Leslie Fox recommends the film:

Past Lives

written and directed by Celine Song

A 2023 American film playing in theaters and on various streaming channels. It follows two childhood friends over the course of 24 years while they contemplate the nature of their relationship as they grow apart, living different lives. The plot is semi-autobiographical and inspired by real events from the writer/director’s life. It was nominated for two Academy Awards. 

Robert Noone recommends the book:

Dance to the Tune of Life: Biological Relativity

by Denis Noble

A book for anyone interested in systems biology.

Recent CFC Faculty Publications

Sydney Reed, MSW

Death and Chronic Illness in the Family: Bowen Family Systems Theory Perspectives. Edited by Peter Titelman and Sydney K. Reed. (Routledge, New York, NY, 2019,)

What does it mean to be ‘present and accounted for’ when a family member is facing chronic illness or death? How does one define a self in relation to the ill or dying member and the family? Rooted in Murray Bowen’s family systems theory, this edited volume provides conceptual ideas and applications useful to clinicians...

Stephanie Ferrera, MSW

“No one Wins the Blame Game” by Stephanie Ferrera, MSW, published in the “Wednesday Journal of Oak Park and River Forest”, December 12, 2023. 

Available at no charge online.

Robert J. Noone, PhD

Family and Self: Bowen Theory and the Shaping of Adaptive Capacity

by Robert J. Noone, published by Rowman and Littlefield, 2021.

Following Bowen’s mode, this book examines the interplay between the individual and the family in shaping the differential capacity to effectively adapt to life’s many challenges.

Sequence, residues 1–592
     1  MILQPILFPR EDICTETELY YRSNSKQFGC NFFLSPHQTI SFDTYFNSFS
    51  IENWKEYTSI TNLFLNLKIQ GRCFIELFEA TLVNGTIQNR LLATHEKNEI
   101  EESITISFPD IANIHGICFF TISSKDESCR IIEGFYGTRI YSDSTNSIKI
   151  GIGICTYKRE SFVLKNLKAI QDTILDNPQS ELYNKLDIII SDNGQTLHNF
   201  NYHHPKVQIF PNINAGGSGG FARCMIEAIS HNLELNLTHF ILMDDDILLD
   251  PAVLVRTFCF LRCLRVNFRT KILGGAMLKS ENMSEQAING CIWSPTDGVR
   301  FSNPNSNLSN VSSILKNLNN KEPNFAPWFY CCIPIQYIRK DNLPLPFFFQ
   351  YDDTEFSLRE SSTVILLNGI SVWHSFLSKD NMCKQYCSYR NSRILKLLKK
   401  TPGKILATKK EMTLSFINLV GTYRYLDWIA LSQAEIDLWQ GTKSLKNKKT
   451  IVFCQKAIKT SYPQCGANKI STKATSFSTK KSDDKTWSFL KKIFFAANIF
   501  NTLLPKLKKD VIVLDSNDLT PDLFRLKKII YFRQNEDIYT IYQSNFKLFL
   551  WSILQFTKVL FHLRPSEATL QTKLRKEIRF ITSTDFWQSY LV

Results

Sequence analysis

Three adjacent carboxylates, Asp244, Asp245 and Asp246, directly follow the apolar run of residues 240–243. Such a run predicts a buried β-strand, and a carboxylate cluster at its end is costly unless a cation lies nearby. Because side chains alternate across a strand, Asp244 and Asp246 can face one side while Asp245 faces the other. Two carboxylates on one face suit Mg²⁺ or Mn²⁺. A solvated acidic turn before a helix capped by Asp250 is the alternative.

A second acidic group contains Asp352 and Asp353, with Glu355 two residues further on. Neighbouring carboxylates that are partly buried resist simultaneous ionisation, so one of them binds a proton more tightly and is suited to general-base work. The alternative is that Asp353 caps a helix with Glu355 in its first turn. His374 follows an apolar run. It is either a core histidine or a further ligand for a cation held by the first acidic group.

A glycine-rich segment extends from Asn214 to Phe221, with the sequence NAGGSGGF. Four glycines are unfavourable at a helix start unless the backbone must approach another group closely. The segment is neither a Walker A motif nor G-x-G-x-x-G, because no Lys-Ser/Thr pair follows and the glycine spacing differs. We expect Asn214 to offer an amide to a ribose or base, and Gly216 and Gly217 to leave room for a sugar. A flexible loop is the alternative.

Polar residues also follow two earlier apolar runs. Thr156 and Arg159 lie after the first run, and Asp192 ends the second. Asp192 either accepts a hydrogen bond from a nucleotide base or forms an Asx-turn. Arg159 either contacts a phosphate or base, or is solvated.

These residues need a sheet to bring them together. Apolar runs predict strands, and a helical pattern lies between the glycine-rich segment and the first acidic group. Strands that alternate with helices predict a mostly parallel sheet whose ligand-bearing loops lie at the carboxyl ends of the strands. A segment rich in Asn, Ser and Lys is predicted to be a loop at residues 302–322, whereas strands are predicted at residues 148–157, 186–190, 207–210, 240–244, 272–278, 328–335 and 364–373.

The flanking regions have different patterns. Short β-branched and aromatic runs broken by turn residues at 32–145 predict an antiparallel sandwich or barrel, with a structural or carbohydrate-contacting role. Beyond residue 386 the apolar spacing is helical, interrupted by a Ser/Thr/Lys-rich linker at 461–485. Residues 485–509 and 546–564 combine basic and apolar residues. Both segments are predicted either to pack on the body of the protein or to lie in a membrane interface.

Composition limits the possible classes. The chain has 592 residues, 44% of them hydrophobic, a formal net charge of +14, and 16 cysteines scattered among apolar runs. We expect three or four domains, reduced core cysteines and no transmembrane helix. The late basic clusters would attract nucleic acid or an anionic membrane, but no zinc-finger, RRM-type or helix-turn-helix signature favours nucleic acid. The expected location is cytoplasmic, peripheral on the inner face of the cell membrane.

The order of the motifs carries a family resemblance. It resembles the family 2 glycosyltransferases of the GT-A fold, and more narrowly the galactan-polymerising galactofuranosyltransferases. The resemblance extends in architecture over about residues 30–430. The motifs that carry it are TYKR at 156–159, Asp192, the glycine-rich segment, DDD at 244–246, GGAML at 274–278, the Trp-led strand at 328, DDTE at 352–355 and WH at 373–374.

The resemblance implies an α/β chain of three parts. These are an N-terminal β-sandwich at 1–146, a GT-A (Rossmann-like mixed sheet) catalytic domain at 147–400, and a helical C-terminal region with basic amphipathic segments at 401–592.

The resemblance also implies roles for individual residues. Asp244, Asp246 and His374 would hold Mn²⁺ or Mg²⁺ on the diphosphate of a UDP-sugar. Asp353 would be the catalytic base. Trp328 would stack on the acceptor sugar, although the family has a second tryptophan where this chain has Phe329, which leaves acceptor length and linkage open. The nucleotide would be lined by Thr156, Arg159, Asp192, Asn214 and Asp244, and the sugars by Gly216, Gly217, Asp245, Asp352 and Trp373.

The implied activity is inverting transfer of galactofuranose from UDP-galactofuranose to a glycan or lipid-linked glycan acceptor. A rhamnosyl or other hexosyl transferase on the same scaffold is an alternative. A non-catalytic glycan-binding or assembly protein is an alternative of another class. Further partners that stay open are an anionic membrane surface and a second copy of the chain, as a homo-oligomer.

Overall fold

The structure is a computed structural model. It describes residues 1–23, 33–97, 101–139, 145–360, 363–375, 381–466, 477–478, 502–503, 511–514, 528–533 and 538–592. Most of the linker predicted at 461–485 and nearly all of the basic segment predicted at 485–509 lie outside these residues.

Upcoming CFC Programs and Conferences

The 26th Annual Clinical Day of Workshops 

back in person - March 1, 2024

registration is open

Bowen Theory 101 (begins March 14th 2024)

registration is open

Program Description

This series of eight, weekly one-hour lectures is designed to provide participants with an overview of each concept of Bowen Family Systems Theory (BFST). A basic understanding of the eight concepts offers participants the opportunity to begin conceptualizing clinical cases through the lens of BFST. Gaining a new, broader perspective on behavior patterns in families can significantly improve outcomes of the therapeutic process. Lectures and class discussions are conducted online using Zoom.

What recent participants had to say:

“I'm absolutely loving the Bowen 101 course with Cecilia. She is knowledgeable and shares lively, real life experiences to help make sense of the theory. My interest is piqued, I already want to learn more and am incorporating in to my own professional and personal work!” Aimee Duax, November 23, 2022

“Everyday life and relationships are hard enough, but when you’re a therapist, too, it’s doubly challenging. Bowen 101 showed me a path to be able to handle personal problems while also help clients handle theirs. Thank you!!" Amy Lepore LCSW, CAADC, November 11, 2022.

Registration now open. For further information see program description on the CFC Website and/or contact Cecilia Guzman.

Save the Date!

May 4-5, 2024

the 40th Midwest Symposium on

Family Systems Theory and Therapy

(Program details coming in March)

CFC News published quarterly

by Center for Family Consultation

"The to rise up out of the emotional togetherness that binds us all."

Murray Bowen, M.D.

Center for Family Consultation | 847-868-2654

820 Davis Street, Suite 504, Evanston, IL

E-mail:[email protected]


© 2024 Center for Family Consultation  : Bowen Theory: Research, Education & Training